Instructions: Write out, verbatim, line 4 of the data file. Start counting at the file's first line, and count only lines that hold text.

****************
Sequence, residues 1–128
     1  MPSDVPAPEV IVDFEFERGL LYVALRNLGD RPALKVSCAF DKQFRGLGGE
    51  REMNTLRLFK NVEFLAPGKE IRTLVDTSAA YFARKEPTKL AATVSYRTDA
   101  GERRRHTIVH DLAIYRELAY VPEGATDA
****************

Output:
   101  GERRRHTIVH DLAIYRELAY VPEGATDA